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Another Internet Explorer flaw found

This is the third time in a month that Microsoft must play catch-up with researchers finding vulnerabilities in its browser.

A computer science researcher has highlighted the shortcomings of Microsoft's latest patch for its Internet Explorer browser by identifying another way that online vandals could run malicious programs on a Web surfer's computer.

Microsoft on Friday released a fix that's designed to protect computers from one of three flaws that, together, could be used to digitally slip past a PC's security through the browser. This weekend, however, a security researcher identified another flaw that could serve the same purpose and that isn't fixed by Microsoft's patch.

"They chose to address only one part of the problem," said Jelmer Kuperus, a computer science student in the Netherlands who posted the code for the work-around. "They should have seen this one coming."

This marks the third time in a month that Microsoft has had to play catch-up to researchers' public disclosures about insecurities in Internet Explorer. In early June, Kuperus found a Web site that used two previously unknown vulnerabilities, plus the recently patched one, to install adware on victims' computers. Additionally, security researchers discovered last week that a milder vulnerability, which Microsoft had fixed in early versions of the browser, reappeared in later versions.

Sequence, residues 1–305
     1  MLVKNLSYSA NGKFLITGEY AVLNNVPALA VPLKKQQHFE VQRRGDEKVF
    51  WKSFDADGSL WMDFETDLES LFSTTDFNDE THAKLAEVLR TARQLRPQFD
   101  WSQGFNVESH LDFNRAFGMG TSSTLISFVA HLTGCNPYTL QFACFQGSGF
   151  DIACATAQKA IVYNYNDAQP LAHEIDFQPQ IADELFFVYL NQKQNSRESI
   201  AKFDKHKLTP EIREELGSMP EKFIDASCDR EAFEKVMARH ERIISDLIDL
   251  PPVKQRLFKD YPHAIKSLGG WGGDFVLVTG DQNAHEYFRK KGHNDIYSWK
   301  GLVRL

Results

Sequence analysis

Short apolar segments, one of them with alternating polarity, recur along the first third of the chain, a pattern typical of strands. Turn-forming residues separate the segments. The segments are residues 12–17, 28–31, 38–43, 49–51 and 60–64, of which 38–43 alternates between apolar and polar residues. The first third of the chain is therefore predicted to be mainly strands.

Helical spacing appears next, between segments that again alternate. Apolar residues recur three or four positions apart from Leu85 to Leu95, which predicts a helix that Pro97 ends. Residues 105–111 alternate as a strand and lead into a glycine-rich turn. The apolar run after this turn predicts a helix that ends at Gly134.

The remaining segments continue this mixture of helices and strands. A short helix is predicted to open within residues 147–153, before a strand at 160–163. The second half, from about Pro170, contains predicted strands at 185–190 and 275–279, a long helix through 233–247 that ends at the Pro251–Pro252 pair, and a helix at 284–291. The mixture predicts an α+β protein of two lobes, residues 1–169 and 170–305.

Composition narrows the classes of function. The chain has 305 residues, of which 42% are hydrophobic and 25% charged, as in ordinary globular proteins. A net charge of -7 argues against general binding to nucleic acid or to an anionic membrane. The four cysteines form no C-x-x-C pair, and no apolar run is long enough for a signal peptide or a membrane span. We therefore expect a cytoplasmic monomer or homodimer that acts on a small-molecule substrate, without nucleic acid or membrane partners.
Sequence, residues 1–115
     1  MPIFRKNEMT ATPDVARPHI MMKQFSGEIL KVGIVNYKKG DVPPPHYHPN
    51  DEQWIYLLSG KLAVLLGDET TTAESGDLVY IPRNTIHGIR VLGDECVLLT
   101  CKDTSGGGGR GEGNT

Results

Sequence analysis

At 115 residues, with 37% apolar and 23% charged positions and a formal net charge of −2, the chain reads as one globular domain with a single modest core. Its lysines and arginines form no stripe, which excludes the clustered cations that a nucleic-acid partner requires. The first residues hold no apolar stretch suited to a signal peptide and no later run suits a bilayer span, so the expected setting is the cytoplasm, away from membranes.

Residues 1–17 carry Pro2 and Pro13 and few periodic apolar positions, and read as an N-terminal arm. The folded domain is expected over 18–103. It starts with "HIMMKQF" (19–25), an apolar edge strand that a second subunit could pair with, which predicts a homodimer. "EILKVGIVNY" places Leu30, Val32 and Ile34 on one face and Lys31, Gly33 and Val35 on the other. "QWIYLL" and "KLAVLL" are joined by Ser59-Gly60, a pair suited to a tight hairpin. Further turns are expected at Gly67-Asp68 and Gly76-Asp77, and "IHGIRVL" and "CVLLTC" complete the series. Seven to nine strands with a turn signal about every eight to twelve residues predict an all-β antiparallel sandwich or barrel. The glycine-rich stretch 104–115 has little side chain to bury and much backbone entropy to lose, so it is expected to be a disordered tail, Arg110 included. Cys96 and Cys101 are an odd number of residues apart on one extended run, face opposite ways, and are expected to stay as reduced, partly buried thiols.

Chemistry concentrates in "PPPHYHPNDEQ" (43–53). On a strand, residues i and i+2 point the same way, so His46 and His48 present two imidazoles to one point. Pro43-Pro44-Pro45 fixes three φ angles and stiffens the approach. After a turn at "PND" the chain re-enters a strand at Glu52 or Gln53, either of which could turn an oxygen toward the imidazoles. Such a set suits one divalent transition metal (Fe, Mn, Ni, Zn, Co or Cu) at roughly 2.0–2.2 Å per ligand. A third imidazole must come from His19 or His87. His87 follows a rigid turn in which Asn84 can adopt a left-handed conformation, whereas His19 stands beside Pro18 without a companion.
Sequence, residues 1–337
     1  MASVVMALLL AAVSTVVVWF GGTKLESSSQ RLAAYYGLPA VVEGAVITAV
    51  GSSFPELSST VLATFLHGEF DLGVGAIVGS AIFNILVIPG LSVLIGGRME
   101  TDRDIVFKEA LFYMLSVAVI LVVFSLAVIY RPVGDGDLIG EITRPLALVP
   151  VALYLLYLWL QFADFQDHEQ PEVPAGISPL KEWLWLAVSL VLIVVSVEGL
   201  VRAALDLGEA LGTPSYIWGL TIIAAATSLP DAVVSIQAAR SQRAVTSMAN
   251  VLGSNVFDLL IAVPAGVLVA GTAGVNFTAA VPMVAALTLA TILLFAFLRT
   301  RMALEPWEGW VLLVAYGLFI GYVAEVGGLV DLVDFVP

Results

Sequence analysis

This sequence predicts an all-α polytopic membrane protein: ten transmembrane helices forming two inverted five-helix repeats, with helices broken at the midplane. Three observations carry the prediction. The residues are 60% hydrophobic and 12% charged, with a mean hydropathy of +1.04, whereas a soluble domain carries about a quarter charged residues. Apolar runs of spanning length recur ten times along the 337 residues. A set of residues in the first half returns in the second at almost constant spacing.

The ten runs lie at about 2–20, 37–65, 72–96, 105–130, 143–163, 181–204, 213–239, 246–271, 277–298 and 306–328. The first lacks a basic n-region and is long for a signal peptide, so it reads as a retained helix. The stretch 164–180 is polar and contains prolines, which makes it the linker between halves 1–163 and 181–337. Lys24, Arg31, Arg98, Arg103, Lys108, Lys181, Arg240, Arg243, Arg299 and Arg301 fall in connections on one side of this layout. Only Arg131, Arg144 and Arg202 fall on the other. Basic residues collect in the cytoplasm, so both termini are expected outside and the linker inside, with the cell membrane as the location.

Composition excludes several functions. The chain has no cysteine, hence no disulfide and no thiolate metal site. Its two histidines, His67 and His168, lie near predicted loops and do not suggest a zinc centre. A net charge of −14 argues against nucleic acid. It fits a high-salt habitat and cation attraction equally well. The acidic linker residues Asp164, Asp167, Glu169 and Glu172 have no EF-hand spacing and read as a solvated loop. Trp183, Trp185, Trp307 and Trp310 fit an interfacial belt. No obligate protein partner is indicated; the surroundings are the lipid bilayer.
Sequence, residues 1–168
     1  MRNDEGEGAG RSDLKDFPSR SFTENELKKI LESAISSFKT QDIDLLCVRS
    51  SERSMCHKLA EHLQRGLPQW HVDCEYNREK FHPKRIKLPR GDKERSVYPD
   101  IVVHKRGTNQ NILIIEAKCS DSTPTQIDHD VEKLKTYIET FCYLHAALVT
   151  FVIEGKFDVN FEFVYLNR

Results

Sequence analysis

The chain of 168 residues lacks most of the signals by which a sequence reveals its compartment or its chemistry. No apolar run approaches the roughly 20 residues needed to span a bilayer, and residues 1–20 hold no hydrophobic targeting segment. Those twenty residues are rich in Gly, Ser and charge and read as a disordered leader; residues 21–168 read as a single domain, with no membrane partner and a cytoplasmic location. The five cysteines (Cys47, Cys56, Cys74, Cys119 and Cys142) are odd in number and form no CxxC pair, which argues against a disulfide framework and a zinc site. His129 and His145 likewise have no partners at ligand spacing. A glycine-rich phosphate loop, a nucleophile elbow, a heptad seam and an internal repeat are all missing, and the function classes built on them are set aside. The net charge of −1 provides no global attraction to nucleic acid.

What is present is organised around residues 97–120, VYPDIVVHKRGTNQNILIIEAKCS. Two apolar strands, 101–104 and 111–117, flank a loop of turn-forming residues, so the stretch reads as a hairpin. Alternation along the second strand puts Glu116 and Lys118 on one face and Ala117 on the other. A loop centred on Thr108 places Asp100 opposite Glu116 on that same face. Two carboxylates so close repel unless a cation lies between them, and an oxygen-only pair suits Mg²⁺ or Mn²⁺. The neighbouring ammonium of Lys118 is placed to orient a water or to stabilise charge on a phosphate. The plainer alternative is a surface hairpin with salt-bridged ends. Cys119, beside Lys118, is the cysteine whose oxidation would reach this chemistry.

Microsoft acknowledged the latest issue and said more fixes would be forthcoming.

"The company is working to provide a series of security updates to Internet Explorer in coming weeks that will provide additional protection for customers," a company representative told CNET The company will also "continue to actively investigate these reports."

The most recent flaw is not new--security researchers first discussed the issue in January, Kuperus said. It had originally been considered minor, but the flaw is significant because it can be used in conjunction with the two other vulnerabilities, which were found at the beginning of June. Together, all three add up to easy access to Windows computers running Internet Explorer.

"Most exploits we are seeing developed today are composed of multiple vulnerabilities, (each one) bypassing a specific security feature of Internet Explorer," Kuperus said. "Individually, many of these issues often are fairly harmless, but combined they can pose serious risk."

Both the original and the latest vulnerabilities exist in a library of components and scripting features known as ActiveX. The older flaw is in ADODB.Stream, while the latest vulnerability is in the Application.Shell component.

Vulnerabilities in IE have become so common that some security researchers are recommending that people adopt alternate browsers. The Computer Emergency Response Team, the official U.S. body responsible for defending against online threats, also advised security administrators to consider moving to a non-Microsoft browser, as one of six recommended responses.

Microsoft recommends that users go to the company's Protect Your PC site for the latest information.